This week, swe hear from Debbie Hight. She is a BHPS board member, horse owner, and occasional guest columnist for Cayuse Communications. She writes from her home in Maine, where she is caring for dogs and horses, especially her lovely Morgan mare, Roxy, who was a demonstration horse at the Summit in Maine in 2019. She writes about hind gut concerns and has been lent a hand by Dr. Sheryl King.
Spring is here! Along with the saying goodbye to heated water buckets, shedding coats, and mud, I look forward to the end of my 25 year-old mare’s hind gut issues, less romantically called, the “squirts.”
Squirts have been happening for the past three winters, when I would see a change to looser manure and the occasional “squirting” of liquid. The first year, I blamed it on her taking a bite of the decorative bittersweet. My vet thought otherwise and told me that in older horses, the hind gut is not as efficient.
Fecal Water Syndrome or Cushings Disease have been ruled out.
It’s just the squirts.
Horses seem to be unbothered unless it affects tails or skin, my vet said. I shared that my mare drank more water and licked more salt in the winter, and the vet simply explained that my mare was replacing fluids and minerals.
Come spring, the issue magically disappears.
Best Horse Practices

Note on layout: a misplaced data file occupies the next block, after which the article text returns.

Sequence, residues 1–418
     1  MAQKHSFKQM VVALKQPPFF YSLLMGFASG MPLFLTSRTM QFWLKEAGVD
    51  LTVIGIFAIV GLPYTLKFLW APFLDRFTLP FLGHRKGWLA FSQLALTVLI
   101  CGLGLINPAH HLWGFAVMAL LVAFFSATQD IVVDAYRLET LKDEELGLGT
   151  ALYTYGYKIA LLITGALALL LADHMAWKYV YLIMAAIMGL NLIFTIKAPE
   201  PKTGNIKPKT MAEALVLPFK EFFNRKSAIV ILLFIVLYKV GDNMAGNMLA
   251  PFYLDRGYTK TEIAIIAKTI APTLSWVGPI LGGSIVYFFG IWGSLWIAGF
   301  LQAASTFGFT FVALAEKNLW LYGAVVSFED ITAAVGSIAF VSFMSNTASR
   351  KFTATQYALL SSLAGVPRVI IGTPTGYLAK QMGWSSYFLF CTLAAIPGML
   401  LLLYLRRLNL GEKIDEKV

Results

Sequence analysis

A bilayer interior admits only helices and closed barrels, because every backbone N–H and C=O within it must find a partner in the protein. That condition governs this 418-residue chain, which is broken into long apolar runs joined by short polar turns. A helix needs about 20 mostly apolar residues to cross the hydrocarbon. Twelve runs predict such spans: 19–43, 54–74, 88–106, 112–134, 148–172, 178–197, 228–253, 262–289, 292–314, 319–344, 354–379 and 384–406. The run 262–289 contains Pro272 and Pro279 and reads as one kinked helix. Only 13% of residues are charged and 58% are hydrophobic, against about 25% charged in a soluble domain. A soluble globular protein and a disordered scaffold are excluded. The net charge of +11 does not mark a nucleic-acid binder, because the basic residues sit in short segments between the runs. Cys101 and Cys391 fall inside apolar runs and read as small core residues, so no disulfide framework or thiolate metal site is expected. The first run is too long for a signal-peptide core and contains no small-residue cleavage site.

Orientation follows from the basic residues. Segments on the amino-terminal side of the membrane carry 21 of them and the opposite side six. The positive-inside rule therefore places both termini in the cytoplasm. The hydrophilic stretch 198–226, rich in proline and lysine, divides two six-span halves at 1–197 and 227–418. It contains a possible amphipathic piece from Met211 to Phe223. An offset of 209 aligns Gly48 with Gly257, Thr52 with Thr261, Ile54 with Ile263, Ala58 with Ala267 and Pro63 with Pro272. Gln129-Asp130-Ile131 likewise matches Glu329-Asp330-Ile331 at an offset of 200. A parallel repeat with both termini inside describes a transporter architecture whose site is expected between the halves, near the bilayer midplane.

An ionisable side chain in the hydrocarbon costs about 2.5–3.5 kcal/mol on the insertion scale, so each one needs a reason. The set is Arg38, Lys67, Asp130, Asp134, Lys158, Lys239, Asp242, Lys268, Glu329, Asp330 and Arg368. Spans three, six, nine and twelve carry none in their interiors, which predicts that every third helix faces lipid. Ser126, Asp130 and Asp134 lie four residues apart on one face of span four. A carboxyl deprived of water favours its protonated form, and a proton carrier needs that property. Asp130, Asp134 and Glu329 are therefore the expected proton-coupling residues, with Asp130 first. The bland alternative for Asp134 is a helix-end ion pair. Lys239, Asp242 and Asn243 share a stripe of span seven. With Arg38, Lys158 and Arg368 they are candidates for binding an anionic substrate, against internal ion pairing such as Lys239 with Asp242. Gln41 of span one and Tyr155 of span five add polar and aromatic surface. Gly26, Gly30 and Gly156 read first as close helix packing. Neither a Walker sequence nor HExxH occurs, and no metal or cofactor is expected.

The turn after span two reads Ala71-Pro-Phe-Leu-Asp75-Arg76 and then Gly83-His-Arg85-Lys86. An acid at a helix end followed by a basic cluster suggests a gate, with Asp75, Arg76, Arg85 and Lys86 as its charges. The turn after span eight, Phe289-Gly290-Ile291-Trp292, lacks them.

My involvement with the Best Horse Practices Summit and its focus on science made me curious about this annual phenomenon. Fellow board member, friend, and annual speaker at the Best Horse Practices Summit, Dr. Sheryl King is an expert in animal physiology, so I contacted her for help in trying to understand it. Sheree earned her PhD in 1983 at the University of California at Davis and enjoyed a long and successful career at Southern Illinois University in Carbondale. She knows her stuff and is easy to talk to. A regular google search sent me to supplement companies, so I asked Sheree to help me with a scholarly search. I still found scant information.
Since I am sure that there are many horses with the same condition, I am documenting my experience with Sheree’s help. (Sheree did send me an article, “Older Horses and Chronic Diarrhea in the Winter“.
Summary of the issue
The problem begins in November. I was advised by my vet to try probiotics, so I have used Platinum Performance Balance, which contains pre- and pro-biotics. This year, I jumped on it and started giving it to her at the first sign of trouble. It didn’t seem to help much, so I increased to twice a day. Things improved.
I backed off to once a day thinking things were settling down, but I was wrong and returned to twice a day.
Sheree and I explored Roxy’s history and diet:
1. Roxy reportedly had a brief and mild case of laminitis before I bought her at age 6. Because she is a Morgan mare who would likely eat until she blew up, I’ve managed her diet very carefully for the past 19 years.
2. She is rarely on pasture and spends her time in a paddock that has an occasional sprig of green. She has become very flexible with her neck and can reach under the fence line for any additional sprig of green without being zapped. Those sprigs disappear in November and don’t reappear until late April.